It was a firearms violation involving two other of Keeler's sexual partners, well after her relationship with Profumo, that brought the Keeler lifestyle into what Billy Joel termed "the white hot spotlight."
Two East Indians, a jazz singer by the name of Aloysius "Lucky" Gordon and an aspiring jazz promoter and accomplished petty thief, Johnny Edgecombe, were competing for Keeler's affections at the time, but were not so gifted with the same diplomatic skills, or taste for public probity, as Messrs. Profumo and Ivanov possessed. These guys bristled with mutual jealousies and recriminations, which led by turns to an ugly public quarrel with Keeler involving a gun.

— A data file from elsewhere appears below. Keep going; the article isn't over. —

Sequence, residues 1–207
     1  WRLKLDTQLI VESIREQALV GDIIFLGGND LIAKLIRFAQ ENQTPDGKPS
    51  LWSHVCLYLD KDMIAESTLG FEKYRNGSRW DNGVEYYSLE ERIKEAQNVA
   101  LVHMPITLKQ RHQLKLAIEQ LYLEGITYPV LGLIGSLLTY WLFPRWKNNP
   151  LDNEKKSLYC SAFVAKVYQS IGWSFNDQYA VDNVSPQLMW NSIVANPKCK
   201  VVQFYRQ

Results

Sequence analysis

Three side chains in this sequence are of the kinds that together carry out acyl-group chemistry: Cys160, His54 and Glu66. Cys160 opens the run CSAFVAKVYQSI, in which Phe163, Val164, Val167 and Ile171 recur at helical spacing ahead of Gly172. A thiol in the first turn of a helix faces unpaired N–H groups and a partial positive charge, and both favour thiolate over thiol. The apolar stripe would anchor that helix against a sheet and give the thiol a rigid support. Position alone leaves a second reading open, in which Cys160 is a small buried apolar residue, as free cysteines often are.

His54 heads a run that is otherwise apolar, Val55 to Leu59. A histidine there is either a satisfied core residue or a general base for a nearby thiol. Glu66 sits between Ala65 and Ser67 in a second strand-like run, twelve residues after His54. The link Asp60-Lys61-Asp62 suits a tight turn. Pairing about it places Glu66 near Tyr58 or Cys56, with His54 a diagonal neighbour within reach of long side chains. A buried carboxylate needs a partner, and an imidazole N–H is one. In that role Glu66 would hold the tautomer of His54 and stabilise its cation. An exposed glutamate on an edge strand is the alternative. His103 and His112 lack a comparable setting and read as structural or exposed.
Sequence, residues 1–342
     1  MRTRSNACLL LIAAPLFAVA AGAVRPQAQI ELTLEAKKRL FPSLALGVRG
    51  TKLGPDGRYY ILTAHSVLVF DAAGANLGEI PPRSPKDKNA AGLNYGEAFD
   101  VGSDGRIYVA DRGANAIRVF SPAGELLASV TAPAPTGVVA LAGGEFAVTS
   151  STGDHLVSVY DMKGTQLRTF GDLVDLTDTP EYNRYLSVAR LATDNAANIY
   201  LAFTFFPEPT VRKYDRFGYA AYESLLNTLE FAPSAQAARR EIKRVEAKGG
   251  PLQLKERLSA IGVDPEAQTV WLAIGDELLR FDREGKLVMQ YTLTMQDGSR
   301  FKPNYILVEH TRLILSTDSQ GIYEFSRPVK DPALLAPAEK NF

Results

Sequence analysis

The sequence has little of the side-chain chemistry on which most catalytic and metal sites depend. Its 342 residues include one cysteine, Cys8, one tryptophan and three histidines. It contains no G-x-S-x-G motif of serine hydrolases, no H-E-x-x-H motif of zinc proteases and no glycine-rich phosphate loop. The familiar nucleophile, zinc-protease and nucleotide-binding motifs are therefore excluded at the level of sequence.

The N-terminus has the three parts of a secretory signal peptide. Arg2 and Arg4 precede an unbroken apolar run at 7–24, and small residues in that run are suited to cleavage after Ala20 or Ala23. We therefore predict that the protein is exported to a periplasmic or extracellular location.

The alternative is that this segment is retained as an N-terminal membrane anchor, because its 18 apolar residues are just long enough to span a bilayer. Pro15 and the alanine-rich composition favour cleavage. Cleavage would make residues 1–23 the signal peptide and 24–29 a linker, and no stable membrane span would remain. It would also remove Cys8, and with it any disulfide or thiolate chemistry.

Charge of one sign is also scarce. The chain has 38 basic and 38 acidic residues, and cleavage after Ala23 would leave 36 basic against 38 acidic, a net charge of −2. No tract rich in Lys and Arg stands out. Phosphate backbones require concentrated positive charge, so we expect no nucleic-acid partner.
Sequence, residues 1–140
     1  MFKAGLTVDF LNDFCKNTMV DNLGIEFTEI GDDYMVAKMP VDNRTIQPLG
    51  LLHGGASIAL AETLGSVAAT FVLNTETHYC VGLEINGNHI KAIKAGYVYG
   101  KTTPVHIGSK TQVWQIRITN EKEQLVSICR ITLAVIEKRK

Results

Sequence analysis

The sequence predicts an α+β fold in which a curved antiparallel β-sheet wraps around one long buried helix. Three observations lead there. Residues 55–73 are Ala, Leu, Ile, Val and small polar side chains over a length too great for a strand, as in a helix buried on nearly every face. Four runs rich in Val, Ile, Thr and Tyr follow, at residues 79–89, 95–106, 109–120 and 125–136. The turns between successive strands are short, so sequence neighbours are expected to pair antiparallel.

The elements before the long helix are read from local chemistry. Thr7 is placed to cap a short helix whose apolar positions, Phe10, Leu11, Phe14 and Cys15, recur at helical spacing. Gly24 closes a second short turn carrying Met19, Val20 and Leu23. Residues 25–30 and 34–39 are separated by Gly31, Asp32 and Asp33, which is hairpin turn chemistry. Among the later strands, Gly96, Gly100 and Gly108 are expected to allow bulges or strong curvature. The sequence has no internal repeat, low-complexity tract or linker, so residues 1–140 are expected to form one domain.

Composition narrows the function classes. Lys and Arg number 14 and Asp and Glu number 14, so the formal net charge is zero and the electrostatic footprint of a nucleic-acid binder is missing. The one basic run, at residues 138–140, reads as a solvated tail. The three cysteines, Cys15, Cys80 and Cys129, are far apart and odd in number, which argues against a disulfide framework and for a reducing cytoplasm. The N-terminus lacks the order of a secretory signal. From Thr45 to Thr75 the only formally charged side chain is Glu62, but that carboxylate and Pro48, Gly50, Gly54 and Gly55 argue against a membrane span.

John Profumo and the missus, a bit of a looker herself in her time.
At one point things had gotten a little too rough between Keeler and Gordon. Edgecombe stepped in as her protector and slashed Gordon's face with a knife. Then after Keeler ended her relationship with Edgecombe and he had a very angry Gordon on his tail, he showed up in December 1962 at Wimpole Mews where Keeler was visiting, and, failing to gain access, fired five shots at the building.
It made the news.
Edgecombe's arrest and trial brought Keeler some public attention. And as tends to happen in such situations, where the press, in pursuit of a hot story, is consumed with publishing all the news that fits, the more salacious the better, Christine's other, more sensitive assignations gradually leaked into public knowledge as well.